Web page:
Clostridium difficile: C difficile is established as the most common nosocomial enteric pathogen, causing pseudomembranous colitis, antibiotic-associated colitis and antibiotic-associated diarrhea. The most important defence against this opportunistic pathogen is the normal colonic microflora, although the microbial species responsible for C difficile and the mechanisms whereby their growth is suppressed are still not understood. Disruption of the normal ecosystem by antibiotics can result in colonization by C difficile, which, if of the right pathotype, causes diarrhea or, more seriously, pseudomembranous colitis. Production of proteolytic and hydrolytic enzymes and capsule, expression of fimbriae and flagella, chemotaxis and adhesion to gut receptors, may all play a part in the pathogenesis of C difficile-induced disease by facilitating colonization or by directly contributing to tissue damage. However, toxins A and B are thought to be the primary virulence determinants of this pathogen in the context of antibiotic-associated gastrointestinal disease. The molecular organization, and control of expression of toxins A and B are now being unravelled. Toxins A and B belong to a group of clostridial toxins designated as large (A 308 kDa; B 269 kDa) clostridial cytotoxins, which have homologous protein sequences, and modify small GTP-binding proteins of the Ras superfamily by their N-terminal glycosyl-transferase activity. This results in disruption and reorganization of cytoskeletal actin and cell rounding.
How do these toxins act in vivo, and can we interpret the disease process in terms of their activities? Both toxins are cytotoxic in vitro. B is approximately 1000-fold more cytotoxic to cultured cells than A, yet a substantial body of evidence shows that A is vastly more toxic to rabbit intestine than B, which has little effect on animal mucosae in vivo on its own. The effect of A on the rabbit terminal ileum was drastic, with near total destruction of villi and production of bloody proteinaceous fluid. In the colon, epithelia became detached, and hemorrhage was tissue localized: fluid was watery and nonproteinaceous. In immunized animals, tissue hemorrhage was prevented but epithelial desquamation or fluid secretion in the rabbit colon was not. In experimental infection of hamsters, virulence of C difficile strains correlated with the degree of production in vivo of A rather than B. Later studies with human biopsies showed that toxin A binds directly to human colonocytes, causing them to detach, and induces production of the inflammatory cytokine IL-8. Toxin A also killed lamina propria macrophages and T cells, which, these authors suggested, could be the basis of C difficile-induced suppression of immune responses. Thus, a powerful case can be marshalled to implicate toxin A as the major effector in C difficile diarrheal disease and of the colitis that is characteristic of C difficile infections.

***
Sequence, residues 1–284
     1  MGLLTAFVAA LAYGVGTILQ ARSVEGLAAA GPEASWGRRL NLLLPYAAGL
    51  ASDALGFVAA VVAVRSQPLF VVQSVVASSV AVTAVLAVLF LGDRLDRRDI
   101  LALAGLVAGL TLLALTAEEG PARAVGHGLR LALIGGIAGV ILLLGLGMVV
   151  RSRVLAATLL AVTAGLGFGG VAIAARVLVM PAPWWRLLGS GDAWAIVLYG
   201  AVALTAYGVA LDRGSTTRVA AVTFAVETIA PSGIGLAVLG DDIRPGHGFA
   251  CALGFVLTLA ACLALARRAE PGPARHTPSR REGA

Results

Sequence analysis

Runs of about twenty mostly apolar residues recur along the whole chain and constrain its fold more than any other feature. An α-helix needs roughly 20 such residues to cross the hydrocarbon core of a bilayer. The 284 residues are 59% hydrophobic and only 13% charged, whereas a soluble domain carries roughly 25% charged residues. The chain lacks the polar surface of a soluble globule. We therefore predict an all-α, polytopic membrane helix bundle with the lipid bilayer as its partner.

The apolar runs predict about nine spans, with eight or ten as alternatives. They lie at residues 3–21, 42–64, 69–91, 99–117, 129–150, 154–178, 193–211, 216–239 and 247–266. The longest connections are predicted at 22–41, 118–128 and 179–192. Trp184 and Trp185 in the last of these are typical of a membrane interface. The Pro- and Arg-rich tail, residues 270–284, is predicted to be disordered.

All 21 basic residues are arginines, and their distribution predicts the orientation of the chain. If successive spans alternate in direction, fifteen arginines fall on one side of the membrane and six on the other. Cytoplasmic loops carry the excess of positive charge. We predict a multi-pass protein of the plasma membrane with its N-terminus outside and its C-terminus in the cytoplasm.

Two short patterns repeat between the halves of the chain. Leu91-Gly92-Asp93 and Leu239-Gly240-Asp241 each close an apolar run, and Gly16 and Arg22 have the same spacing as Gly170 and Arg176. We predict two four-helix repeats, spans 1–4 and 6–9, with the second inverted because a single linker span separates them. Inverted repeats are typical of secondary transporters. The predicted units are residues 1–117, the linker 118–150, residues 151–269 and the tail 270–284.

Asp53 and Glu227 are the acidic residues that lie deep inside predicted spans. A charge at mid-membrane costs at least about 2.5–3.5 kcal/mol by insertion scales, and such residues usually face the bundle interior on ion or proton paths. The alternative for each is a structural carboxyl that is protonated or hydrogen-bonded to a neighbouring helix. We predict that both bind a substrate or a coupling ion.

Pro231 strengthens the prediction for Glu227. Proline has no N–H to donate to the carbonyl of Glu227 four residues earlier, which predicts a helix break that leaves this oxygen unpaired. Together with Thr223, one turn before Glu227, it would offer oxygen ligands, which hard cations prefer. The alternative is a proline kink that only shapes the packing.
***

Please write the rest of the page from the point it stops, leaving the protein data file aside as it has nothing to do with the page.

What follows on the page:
However, as in all overly neat syntheses, there are awkward, ill-fitting pieces. Others claim that in an in vitro Ussing chamber study, the human colon was 10 times more sensitive to toxin B than to toxin A. A cytotoxigenic strain of C difficile has been described that does not produce toxin A, but causes classic hemorrhage and bloody fluid accumulation in rabbit ileal loops, and diarrhea in hamsters. Perhaps the biggest unsolved puzzle is that both these toxins have exactly the same enzymatic activity that results in the glycosylation of the same serine residue in target proteins, but yet they have very different biological properties. Attempts to explain this discrepancy have been made as follows. In cell culture systems, cytotoxicity correlated with the efficiency of toxin binding to cells. Moreover, although the specific glucosyltransferase activity of A was 100 times less than that of B, toxin A did modify an additional substrate. While it is difficult to see how this explains the dramatic effect(s) of toxin A on intact mucosae, it does point to the possibility that the primary biological effects are unrelated to glucosyltransferase enzyme activity but are due to some other mechanism. Branka et al purport to demonstrate that the main effect of toxin A is to upregulate the secretion of IL-8 from colonocytes and downregulate the exocytosis of mucin. This would result in the recruitment of inflammatory and immune cells, with consequential indirect mucosal damage. The depression of mucin secretion could well be explained as a secondary effect in terms of the enzymatic activity of the toxin, which by disruption of the cytoskeleton would impair exo-cytosis. It would not be surprising to find that the explanation of differential histotoxicity lies in the C-terminal repeat sequences (which carry cell recognition and signal transducing?) sites in the larger A protein or, that these proteins are differentially multifunctional.